What could all this mean? She got out of bed, threw on an old baggy robe and headed for the kitchen. She lived in a small ground floor flat in North London. It wasn’t much, but it had a beautiful fireplace in the living-room and a perfectly formed (if miniature) garden where she liked to take her morning coffee and did so in all weathers.
She had furnished the rooms lovingly with old, comfortable pieces of furniture. Soft rugs, bought on impulse on holidays abroad, or discovered on some stall in Camden market, showcased the original floors. A few original paintings by little known local artists adorned the walls that had escaped the colonising inroads of her books. Of these she had a considerable and very eclectic collection.
The water boiled. The coffee made. The mug in her firm grip and the packet of cigarettes secure in the pocket of her shaggy robe, Cynthia opened the French doors and stepped out into the garden.
After an unpromising start, the day turned out rather well. By noon, Cynthia finished the final version of her article critiquing the coalition governments’ new education policy, had a meeting with the editor to discuss the next assignment over lunch, spent most of the afternoon researching and drafting the article for the following issue and set up an interview with a top government official for the following morning.
By the end of the day she was exhausted, but had completely forgotten everything about the bizarre dream that had unsettled her sleep during the previous night. She decided to reward herself for the successful completion of a demanding working day by taking a detour on the way home to dine at the Spaniards Inn.
A smile etched in the corner of his mouth as Peter entered the pub. It wasn’t as busy as he had expected, but then it was only a Monday afternoon. He ordered a pint of Guinness and asked for a menu. The long walk had taken its toll and he was famished.
A few minutes later, cold pint in hand, he exited through the back door into the beer garden. It had been years since he had last had a drink here, but the place felt somehow frozen in time.
He navigated his way around a few tables towards his favourite spot. As he got nearer he noticed that it was already occupied. A young woman, not yet in her forties was enjoying the evening air and a glass of Chardonnay.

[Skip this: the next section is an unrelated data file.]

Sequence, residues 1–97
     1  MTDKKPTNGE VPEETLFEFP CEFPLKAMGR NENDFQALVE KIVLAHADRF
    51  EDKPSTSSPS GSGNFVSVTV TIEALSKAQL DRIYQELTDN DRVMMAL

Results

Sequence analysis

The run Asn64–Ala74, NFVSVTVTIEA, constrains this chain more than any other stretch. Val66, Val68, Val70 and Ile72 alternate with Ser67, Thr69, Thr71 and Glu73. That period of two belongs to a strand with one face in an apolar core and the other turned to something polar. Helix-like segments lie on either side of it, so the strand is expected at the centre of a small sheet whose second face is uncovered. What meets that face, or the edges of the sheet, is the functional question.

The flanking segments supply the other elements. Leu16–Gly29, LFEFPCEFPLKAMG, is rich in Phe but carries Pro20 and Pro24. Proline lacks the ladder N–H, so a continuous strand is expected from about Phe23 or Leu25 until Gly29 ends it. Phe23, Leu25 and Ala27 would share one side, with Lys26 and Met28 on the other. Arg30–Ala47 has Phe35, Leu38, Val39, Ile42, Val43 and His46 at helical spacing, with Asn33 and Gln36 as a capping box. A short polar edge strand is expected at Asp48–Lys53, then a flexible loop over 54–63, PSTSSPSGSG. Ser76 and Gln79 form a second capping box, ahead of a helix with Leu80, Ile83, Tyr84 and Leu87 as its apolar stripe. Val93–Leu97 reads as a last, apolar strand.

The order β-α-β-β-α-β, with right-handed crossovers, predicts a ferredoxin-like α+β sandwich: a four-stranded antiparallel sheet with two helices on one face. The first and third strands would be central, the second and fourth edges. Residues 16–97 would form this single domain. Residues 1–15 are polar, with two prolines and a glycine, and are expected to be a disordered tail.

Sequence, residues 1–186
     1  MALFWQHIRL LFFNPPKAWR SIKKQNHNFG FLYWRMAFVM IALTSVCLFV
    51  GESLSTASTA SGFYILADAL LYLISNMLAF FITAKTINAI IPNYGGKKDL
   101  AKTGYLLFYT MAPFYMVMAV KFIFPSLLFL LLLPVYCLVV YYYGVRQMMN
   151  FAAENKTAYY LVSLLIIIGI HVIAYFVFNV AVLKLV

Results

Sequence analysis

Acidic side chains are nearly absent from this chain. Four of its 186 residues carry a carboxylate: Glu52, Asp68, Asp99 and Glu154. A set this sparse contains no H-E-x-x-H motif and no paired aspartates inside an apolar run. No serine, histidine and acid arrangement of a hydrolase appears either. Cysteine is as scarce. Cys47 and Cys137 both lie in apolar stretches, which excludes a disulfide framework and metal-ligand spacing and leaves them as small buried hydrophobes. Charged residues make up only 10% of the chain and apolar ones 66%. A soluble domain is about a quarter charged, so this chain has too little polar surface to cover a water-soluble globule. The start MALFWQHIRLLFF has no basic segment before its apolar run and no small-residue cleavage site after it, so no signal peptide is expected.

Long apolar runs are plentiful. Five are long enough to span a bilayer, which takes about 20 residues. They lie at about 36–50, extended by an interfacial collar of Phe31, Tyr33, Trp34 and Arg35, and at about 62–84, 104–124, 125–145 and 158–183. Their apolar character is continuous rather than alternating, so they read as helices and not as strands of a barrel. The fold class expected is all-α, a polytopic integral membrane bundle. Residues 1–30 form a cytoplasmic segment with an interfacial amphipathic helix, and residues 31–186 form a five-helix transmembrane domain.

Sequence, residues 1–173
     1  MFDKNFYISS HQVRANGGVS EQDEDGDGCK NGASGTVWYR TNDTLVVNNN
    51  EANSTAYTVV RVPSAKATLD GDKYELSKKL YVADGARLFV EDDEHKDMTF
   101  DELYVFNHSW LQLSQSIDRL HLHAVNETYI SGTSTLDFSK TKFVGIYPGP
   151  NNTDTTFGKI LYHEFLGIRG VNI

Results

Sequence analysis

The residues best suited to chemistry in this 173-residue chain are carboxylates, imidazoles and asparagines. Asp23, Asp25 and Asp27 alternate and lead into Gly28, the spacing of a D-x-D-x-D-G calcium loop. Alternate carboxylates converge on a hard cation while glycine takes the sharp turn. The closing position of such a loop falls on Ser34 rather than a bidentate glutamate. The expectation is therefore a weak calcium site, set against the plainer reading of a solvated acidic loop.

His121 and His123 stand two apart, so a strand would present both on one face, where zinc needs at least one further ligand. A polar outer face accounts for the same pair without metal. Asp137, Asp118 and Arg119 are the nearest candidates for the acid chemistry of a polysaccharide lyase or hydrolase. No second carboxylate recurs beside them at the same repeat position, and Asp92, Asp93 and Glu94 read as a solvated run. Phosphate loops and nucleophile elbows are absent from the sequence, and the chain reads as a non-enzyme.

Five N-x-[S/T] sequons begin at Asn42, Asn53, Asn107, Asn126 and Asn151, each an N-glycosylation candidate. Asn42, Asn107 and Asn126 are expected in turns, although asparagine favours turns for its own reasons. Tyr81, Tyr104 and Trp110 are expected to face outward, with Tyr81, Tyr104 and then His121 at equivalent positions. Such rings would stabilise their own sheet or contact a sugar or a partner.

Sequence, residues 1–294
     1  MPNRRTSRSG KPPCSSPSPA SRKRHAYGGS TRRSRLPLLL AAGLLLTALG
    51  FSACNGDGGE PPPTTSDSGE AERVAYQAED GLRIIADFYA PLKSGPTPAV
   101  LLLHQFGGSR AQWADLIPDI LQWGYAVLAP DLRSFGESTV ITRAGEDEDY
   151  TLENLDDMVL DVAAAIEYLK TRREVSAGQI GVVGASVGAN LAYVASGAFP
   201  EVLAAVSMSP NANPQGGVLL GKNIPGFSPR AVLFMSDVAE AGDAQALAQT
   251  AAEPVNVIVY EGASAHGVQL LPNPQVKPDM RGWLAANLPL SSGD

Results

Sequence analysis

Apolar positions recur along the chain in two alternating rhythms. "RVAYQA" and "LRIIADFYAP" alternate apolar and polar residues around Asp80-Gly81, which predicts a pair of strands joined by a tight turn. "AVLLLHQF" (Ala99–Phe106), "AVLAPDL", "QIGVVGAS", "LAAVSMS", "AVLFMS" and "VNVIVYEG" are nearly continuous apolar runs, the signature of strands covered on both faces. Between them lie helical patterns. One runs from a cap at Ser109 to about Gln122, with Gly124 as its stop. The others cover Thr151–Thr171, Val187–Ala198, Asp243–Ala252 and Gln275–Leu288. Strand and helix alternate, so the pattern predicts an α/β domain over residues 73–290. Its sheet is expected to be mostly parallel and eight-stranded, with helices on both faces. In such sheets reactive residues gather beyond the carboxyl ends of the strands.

He stopped in his tracks, standing unnaturally still for a moment, struck. With some determination he continued his way towards the table. As he approached, the young woman looked up from her book and in that instant their eyes met.
At first she looked baffled. It took her another split of a second to come to the same realisation to which the man advancing unwaveringly towards her had come to moments before. She observed him as he drew nearer and at last he stood erect, in his full height, which was considerable, before her.
“Hello, Cynthia,” said Peter now smiling broadly, “Fancy meeting you here! May I join you?”
“For a moment there I thought I was hallucinating,” Cynthia indicated the seat across from her.
“Flesh and bones, grey hair and all,” Peter catalogued the subtle changes that familiar face underwent in the ten years since he had seen it last. She was thinner now, slight shadows framed her almost-oriental eyes. Her hair was tamer than he remembered it, but otherwise she was the same Cynthia. No doubt about that. He would have known that stubborn chin anywhere.
Cynthia was similarly occupied. He had aged well. One could not have guessed him to be in his forties. Faded jeans, retro t-shirt and trendy Converse trainers contributed to this youthful image. His eyes still had that playful hazel glint, and besides a wrinkle or two, his appearance was unaltered.
He blinked. She tried to smile.
“When did you get back?’ she asked.
“I would have called, but…”
She didn’t say anything.
“I do not have a UK number yet. I was going to sort that out at some point this week,” Peter added weakly.
She continued in silence.
“I’m back for good,” he said, paused, then added, “certainly for a while.” When Cynthia did not engage once again, he felt compelled to continue: “I’ve accepted a post at UCL, so…” he shrugged. “How about you? Still a writer of fiction?”
“That was a stupid dream. One of many I cherished back then.” Her tone was bitter. She couldn’t help it. She tried to make light of it: “Full-time journalist now. Still writing fiction: British politics.”
Their food arrived and for a few minutes they ate in silence. It was vaguely surreal and concurrently natural that they would be sitting here, in an old pub in Hampstead Heath, sharing a lot of dinner and a little conversation after a decade apart.
Peter wished they could pick up where they left their friendship ten years before.
Cynthia knew it to be impossible.